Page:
Many noncompete cases are filed after an employer learns that an ex-employee is violating his covenant not to compete. Sometimes, an ex-employee competes for several months before an employer discovers that the ex-employee is doing so. This is especially possible in an age in which much commerce is done via the internet. Thus, by the time an employer discovers a noncompete violation and obtains an injunction to prevent it, the covenant may be almost expired—without the employer getting much if any of its benefit.
Normally, a noncompete will expire at the time stated in the contract. So, if it is a year-long noncompete, the ex-employee can generally begin to compete at the end of a year without fear of employer interference.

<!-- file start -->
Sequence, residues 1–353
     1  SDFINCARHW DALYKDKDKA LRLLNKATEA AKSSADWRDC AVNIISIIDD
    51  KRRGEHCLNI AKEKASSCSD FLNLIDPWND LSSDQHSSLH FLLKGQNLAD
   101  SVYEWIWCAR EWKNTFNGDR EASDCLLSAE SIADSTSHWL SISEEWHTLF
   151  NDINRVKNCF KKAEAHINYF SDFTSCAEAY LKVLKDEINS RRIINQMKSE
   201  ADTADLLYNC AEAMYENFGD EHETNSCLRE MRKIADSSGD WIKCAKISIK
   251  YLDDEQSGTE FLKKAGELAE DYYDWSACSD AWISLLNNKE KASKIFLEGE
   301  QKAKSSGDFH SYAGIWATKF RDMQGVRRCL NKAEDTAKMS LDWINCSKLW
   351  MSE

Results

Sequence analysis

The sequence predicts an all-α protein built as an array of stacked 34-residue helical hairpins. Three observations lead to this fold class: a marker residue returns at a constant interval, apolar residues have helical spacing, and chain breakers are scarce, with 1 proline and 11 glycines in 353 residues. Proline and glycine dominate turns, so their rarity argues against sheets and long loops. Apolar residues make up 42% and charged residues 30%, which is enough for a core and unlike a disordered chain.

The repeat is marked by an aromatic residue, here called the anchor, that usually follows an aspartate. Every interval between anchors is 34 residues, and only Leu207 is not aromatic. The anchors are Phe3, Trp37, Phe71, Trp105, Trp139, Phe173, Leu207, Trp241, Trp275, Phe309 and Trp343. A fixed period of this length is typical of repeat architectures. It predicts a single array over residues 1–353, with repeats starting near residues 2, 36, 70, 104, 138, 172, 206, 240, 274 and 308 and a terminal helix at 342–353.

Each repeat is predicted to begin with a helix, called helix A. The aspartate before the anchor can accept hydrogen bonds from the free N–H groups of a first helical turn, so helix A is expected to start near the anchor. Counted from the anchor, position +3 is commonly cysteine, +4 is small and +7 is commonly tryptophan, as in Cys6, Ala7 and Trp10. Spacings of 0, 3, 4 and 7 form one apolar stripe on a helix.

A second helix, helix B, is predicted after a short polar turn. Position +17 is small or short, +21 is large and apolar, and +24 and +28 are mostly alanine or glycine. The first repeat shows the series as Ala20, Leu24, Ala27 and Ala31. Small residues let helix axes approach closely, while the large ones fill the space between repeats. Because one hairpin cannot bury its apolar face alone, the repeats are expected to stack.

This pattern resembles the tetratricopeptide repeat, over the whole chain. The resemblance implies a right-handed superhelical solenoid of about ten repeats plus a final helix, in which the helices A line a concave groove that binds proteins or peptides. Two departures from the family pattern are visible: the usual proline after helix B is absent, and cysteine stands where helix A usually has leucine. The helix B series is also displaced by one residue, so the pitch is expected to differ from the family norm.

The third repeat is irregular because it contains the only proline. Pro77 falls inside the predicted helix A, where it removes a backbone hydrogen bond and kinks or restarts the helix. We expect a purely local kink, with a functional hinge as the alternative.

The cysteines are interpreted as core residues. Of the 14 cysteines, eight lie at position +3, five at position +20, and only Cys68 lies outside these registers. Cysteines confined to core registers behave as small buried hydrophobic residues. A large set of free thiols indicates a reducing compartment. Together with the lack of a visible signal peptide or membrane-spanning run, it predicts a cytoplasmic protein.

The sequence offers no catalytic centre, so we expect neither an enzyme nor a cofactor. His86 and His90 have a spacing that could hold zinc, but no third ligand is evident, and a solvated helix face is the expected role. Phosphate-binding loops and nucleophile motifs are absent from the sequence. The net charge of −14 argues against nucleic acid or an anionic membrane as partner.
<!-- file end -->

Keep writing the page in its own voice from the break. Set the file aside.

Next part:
However, recent Texas cases provide a possibility for an employer to obtain an equitable extension of a noncompete agreement, if the ex-employee’s violations were “continuous and persistent.”
But the employer must act quickly. Texas courts are hesitant to extend a noncompete agreement if the employer has not diligently asserted its legal and equitable rights.
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At our firm, we have substantial experience representing employers in noncompete cases. If you are an employer needing to enforce a noncompete, or an employee accused of violating a restrictive covenant, call us today.